Ruggiero Ricci was born of Italian immigrant parents on a San Francisco army base in 1918, and christened Roger Rich. (When he Italianized his name for the purposes of a concert career, Ruggero was misspelt as Ruggiero, and remained that way.) By the time he passed away in 2012, he could boast an extraordinary career of 85 years before the public.Ruggiero Ricci. Photo © Universal Music Australia
Ricci’s approach to performance had something of the showman about it, like his idols Fritz Kreisler and Jascha Heifetz. He became famous for his ability to communicate with an audience and created a strong American following through frequent touring – not just to major cities. His repertoire was basically traditional, with a strong contingent of encores and showpieces by Kreisler, Sarasate, Paganini, Wieniawski, and similar violinist/composers.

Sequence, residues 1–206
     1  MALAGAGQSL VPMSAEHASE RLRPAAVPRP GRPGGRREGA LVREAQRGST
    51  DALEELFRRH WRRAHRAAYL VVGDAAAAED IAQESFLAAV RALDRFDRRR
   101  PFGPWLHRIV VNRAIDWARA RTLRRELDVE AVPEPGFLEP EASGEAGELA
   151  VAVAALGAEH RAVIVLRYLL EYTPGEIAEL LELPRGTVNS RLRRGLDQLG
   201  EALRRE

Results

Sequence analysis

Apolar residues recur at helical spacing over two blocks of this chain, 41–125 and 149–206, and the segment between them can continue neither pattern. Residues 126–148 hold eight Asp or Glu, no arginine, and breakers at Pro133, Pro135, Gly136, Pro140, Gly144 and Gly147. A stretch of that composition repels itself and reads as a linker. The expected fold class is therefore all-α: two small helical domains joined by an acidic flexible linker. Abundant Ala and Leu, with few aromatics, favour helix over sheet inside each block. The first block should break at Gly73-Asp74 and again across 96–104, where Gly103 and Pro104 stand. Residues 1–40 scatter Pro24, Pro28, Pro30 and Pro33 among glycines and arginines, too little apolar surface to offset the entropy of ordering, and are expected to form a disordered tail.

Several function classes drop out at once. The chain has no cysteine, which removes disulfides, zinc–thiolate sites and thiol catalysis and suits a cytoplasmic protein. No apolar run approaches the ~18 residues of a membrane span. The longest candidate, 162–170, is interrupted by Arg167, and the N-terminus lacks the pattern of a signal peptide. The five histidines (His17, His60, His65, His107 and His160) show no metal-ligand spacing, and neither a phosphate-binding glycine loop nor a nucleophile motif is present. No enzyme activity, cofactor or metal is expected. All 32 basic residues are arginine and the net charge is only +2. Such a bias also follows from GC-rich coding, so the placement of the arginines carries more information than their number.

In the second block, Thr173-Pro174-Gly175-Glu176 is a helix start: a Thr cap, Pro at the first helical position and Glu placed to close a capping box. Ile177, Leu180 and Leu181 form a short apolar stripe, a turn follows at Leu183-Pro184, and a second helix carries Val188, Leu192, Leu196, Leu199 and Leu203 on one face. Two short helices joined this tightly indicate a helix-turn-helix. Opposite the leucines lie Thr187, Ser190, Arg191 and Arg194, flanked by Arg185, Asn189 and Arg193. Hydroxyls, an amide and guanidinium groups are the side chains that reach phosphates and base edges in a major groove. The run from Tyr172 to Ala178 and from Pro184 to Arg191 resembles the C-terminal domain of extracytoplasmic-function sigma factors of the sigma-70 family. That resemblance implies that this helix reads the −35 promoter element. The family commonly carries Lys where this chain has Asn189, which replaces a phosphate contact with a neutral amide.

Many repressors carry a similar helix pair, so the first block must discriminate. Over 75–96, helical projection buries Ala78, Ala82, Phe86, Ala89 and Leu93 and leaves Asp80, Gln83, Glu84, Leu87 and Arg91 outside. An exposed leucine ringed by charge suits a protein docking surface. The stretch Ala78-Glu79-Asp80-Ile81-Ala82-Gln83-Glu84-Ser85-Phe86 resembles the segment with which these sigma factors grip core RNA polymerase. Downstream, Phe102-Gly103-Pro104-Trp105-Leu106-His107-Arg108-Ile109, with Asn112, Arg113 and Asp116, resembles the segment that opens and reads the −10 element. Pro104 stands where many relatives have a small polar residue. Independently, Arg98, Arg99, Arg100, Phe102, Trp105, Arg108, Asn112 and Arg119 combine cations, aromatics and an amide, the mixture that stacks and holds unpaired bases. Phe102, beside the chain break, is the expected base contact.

Ricci made a large number of recordings, from the mid-1930s to the mid-1970s. The majority of his post-war recordings were made for British Decca, although a number in the 1960s were made for American Decca, at the time, a completely independent company.